If The Expendables (2010) left the burning question of why it even existed, what further reason is there for The Expendables 2 (2012, 103 mins) to exist? Well, apart from making studio shareholders enough cash to roll around in, the only possible reason (wishful thinking, here) must be to correct the wrongs of the first. The most notable difference is that Sylvester Stallone is no longer behind the camera (that duty now with Simon West, of 1997’s Con-Air) and this is immediately an improvement. Where Stallone’s The Expendables, in all its ridiculousness, still wanted to play itself straight this sequel is much more knowing in its sending up of the genre and is better for it.
Excepting Mickey Rourke, the old crew are reunited here. Stallone returns as Barney Ross with main banter buddy Lee Christmas (Jason Statham) by his side. Dolph Lundgren‘s crazy Gunner Jensen is as mad as ever and Jet Li‘s Yin Yang (making only a brief appearance before bailing out) is still the butt of jokes. Surplus to requirements, Randy Couture and Terry Crews both resume their minor roles to round out the original squad. But there’s more, this time, as we also meet Billy The Kid (Liam Hemsworth) and get some female representation from Maggie (Nan Yu).
Part of the problem with the The Expendables was that we never got to know much about the characters. They were muscular guys with guns; what else did you need to know? However, the lack of background plays to the detriment of this movie’s set-up, namely expecting the audience to care for a character that they have been introduced to only a few scenes before. What misfortune befalls this character leads to a revenge story being spun out of some nonsense about Soviet plutonium barrels buried in a Bulgarian mine, with Jean-Claude Van Damme (as Vilain) as villain.
The story drifts from one shoot-out to the next, but The Expendables 2 feels as if it’s less about the action than it is the cameos. Whereas in the first we got a brief scene between Bruce Willis and Arnold Schwarzenegger, here they rack up more screen time, happily trading each other’s catchphrases, no doubt to the delight of the action audience, and getting down and dirty with some weaponry. Charisma Carpenter returns briefly, providing some home life continuity. But the big appearance here — and given recent press releases about who has and hasn’t signed up for the third, big appearances are no doubt the reason that future films in the franchise will exist — is Chuck Norris‘s lone wolf, Booker.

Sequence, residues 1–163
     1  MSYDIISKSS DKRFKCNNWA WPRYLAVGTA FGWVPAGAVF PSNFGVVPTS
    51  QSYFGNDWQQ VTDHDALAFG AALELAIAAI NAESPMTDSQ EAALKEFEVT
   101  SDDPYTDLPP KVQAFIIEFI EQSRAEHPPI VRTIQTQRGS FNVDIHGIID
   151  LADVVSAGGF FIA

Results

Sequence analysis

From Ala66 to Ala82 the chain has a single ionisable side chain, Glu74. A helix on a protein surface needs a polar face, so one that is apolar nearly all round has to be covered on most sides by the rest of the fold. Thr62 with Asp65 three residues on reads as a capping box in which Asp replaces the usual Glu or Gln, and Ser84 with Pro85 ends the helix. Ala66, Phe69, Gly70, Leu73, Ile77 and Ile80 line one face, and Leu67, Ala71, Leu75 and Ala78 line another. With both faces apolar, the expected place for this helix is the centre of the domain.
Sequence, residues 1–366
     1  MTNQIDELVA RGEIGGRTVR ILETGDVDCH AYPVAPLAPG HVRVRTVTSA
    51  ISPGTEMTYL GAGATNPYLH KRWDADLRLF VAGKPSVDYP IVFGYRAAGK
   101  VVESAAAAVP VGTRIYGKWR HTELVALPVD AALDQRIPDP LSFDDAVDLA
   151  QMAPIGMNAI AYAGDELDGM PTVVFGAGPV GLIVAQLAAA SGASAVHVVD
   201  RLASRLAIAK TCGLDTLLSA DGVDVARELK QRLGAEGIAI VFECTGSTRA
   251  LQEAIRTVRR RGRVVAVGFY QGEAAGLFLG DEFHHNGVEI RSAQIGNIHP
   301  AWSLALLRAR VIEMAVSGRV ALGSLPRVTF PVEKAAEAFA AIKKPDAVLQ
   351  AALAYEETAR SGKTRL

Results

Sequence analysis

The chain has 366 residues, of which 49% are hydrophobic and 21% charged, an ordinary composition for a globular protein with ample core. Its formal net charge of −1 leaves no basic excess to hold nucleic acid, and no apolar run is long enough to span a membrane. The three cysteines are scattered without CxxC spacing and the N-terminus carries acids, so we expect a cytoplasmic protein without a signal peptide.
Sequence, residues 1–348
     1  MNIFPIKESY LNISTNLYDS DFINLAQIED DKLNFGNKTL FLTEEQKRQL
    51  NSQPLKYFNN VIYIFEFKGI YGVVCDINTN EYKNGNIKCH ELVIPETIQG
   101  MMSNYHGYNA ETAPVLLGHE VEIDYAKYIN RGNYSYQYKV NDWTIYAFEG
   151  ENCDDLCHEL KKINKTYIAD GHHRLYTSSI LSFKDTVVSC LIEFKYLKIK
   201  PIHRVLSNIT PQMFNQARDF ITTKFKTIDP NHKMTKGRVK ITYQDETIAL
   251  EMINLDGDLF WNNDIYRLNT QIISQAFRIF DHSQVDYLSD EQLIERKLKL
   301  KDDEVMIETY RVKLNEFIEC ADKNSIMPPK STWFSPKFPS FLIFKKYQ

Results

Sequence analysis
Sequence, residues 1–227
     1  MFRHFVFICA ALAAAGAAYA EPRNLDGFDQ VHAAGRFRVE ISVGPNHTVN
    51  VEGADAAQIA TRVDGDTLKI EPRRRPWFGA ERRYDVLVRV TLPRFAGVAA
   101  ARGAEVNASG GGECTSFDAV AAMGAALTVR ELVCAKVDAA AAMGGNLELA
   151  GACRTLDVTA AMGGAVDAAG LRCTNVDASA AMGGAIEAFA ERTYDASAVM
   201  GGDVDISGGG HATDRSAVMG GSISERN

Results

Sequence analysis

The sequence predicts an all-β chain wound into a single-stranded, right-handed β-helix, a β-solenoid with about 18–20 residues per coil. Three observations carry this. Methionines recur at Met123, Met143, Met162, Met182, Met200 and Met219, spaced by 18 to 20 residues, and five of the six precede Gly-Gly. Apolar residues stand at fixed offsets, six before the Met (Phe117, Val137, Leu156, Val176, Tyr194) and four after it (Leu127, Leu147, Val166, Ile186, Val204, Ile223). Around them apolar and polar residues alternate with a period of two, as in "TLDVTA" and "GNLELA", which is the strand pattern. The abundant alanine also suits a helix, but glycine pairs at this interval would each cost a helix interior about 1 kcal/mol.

Compared to the gravel-voiced meatheads that comprise the main team, Norris, softly spoken and with a thinner build, seems a far cry from the typical action hero, but he’s a dab hand with a gun and, if the Chuck Norris Facts internet meme is to be believed, the hardest badass in the universe. Therefore it’s fun to see the man himself acknowledge these in the movie’s world. The humour in seeing him deliver one of his own facts is arguably one of the highlights here, especially as much humour still comes from that age old action movie staple: the corny quip (i.e. “Rest in pieces!”).
While there’s not much for most of the cast to do (this is still very much about Stallone and Statham) the action scenes do come across better. Fight scenes no longer consist of the split second shots that marred the first, and therefore we see here actual physical endeavours being undertaken. Jet Li, whose martial arts were ridiculously underused previously are here given a chance to shine. But, think action movie, and it’s less about the action than it is the crazy weaponry, and that is bountiful too.
While guns, explosions, and prolonged fisticuffs are par for the course in such movies, there’s no reason why it should be presented at a cartoonish level. Yes, The Expendables 2 knows it’s aping its cinematic lineage, but in a world where serious things happen (Vilain enslaves a village to retrieve the plutonium from a mine) can’t there be any consequences (for anyone) other than the villain’s eventual death? Is the world at large blind to such goings on? Where has this Vilain guy appeared from or are we just expected to accept he’s bad and go with it? And, once the Expendables roll into town, who’s going to clean up their mess?
These may just be the questions of a mind meandering, uninspired with death after death of unnamed goons. And that may be the issue here — that the movie is not interested in being more than it can be. Why would it, when the story is secondary to the cast and the audience is assured? But the questions keep on coming because the mind, in trying to disengage, needs something to do and The Expendables provides no viable food for thought. Mantras of must kill bad guys and must get revenge leave little to mentally chew on.
If there was a way of blocking sentient thoughts while watching this then maybe it could be enjoyable. There’s some laughs from the occasional meta-humour and it loves a big all-guns-blazing set-piece, but overall it feels like a revolving door where actors come and go based on other commitments, with the storyline dictated more by availability than coherence. If this continues into the next instalment (which is more than likely) then we have a franchise that maintains interest by increasing its stable of flat characters rather than developing what it already has.